To be clear, the Buffalo Field Campaign is and has always been opposed to the Interagency Bison Management Plan, which resulted from a devil’s deal that settled a lawsuit brought by Montana against the Park Service. The ecocide and ‘slaughter’ legacies properly belong to the settler culture - including the 2,347 buffalo slaughtered the winter of 1997, and four other years when more than a thousand were rounded up and sent to slaughterhouses - not to the tribes.

Since the tribes have injected themselves into the IBMP process, and asserted their treaty rights, the population of buffalo in Yellowstone has risen to its highest level since the ecocide ended 150 years ago, though one of the two herds is actually in decline, and the threats to bison viability are still a major concern. And the Park Superintendent very recently stated that the past slaughters of bison carried out by DOL agents under the IBMP are “unacceptable,” and that there is room in the Park for at least 10,000 buffalo.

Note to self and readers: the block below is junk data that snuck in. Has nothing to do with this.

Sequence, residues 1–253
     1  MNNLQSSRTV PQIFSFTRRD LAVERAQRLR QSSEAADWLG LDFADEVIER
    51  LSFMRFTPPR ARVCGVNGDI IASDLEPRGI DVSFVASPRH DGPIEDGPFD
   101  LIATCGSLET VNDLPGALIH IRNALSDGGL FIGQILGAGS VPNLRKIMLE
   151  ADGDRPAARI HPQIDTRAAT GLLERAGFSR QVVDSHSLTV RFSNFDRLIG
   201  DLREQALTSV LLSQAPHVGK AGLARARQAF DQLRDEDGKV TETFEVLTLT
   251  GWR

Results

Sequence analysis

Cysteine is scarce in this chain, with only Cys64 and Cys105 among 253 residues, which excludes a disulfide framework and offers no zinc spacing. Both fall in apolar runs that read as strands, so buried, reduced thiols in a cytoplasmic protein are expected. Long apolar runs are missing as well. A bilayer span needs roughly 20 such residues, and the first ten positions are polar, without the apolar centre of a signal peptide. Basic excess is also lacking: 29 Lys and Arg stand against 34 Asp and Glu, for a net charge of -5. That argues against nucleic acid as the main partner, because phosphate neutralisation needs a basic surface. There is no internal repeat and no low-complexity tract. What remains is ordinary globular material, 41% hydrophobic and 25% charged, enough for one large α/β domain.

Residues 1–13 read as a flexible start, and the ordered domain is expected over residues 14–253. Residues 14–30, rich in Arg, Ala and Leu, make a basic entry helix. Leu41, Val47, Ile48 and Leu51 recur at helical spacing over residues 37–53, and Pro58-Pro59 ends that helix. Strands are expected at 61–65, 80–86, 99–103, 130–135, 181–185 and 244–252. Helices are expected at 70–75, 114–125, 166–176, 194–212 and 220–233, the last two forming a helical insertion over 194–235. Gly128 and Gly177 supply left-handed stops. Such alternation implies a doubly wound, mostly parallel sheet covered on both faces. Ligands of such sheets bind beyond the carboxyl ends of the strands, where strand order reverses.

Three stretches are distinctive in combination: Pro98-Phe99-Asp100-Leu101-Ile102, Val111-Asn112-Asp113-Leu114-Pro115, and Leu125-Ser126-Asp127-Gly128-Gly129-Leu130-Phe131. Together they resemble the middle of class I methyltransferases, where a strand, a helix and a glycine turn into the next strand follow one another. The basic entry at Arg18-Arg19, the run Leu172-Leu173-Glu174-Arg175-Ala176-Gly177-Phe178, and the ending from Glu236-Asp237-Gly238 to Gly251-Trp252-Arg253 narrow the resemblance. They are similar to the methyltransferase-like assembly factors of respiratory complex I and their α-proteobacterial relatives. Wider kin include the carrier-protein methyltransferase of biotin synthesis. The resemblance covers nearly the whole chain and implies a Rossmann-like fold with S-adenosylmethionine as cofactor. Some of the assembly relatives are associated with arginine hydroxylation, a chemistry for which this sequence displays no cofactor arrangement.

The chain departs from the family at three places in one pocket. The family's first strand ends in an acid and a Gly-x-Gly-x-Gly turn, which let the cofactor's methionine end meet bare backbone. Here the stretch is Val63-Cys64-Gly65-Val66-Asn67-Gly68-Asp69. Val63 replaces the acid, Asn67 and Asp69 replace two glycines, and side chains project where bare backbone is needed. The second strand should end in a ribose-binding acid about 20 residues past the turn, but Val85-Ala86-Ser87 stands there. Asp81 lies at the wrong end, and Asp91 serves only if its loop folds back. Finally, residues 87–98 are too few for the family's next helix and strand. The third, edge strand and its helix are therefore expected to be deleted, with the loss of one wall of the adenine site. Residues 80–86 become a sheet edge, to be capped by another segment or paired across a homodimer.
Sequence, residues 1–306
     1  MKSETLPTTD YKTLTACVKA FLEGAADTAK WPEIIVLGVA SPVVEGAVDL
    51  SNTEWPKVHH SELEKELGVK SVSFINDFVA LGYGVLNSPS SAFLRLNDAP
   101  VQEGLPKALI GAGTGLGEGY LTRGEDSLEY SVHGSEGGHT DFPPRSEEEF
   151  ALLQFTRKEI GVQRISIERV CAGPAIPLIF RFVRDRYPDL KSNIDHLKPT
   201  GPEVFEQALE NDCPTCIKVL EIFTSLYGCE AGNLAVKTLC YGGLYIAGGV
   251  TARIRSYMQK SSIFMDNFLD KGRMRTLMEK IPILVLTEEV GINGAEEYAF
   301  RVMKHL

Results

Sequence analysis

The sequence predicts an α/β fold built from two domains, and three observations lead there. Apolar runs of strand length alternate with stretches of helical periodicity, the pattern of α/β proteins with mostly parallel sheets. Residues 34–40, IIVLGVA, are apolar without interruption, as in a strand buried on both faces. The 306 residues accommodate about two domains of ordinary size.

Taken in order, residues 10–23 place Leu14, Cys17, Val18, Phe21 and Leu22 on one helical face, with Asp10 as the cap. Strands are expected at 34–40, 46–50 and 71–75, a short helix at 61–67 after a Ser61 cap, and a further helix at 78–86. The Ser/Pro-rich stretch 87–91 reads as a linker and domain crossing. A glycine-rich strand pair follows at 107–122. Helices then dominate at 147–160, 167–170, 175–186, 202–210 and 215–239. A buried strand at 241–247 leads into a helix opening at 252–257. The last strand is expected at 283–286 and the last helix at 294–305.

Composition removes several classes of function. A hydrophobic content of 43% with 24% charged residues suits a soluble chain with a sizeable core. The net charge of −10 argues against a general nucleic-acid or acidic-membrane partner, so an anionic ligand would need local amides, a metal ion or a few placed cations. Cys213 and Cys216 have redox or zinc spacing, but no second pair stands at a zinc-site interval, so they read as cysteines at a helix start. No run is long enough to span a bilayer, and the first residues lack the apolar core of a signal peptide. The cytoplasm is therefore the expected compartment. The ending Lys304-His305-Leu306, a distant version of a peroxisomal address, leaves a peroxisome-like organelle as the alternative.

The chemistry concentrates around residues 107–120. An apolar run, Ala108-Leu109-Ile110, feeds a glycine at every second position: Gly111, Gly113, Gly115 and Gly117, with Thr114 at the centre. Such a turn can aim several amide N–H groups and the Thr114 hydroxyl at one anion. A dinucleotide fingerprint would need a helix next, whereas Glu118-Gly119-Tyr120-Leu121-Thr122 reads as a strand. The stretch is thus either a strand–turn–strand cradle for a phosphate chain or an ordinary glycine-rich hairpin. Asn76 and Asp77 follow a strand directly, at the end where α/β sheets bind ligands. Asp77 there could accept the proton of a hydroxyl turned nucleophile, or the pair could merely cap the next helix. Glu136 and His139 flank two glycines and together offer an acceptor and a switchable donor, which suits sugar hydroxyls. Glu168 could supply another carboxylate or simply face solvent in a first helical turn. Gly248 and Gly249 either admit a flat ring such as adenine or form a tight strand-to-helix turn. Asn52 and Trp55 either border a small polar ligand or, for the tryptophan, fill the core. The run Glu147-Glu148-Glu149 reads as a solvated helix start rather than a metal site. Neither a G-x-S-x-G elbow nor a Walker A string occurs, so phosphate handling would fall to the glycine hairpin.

To gain an appreciation of the cultural significance of tribes hunting buffalo, I highly recommend Nick Martin & Chris White Eagle’s 11-minute film The Hunt (Patagonia Films), which explores “the beginning of a relationship renewed” between tribal youth and the sacred buffalo.

The Montana Department of Livestock does not adhere to the principles of honorable harvest. They adhere to a tradition of slaughter and ecocide. Any characterization by non-Indigenous conservationists of the honorable harvest of buffalo by tribal members as “slaughter” is a clear projection of our settler shadow, or unresolved perpetrator trauma. Nothing more.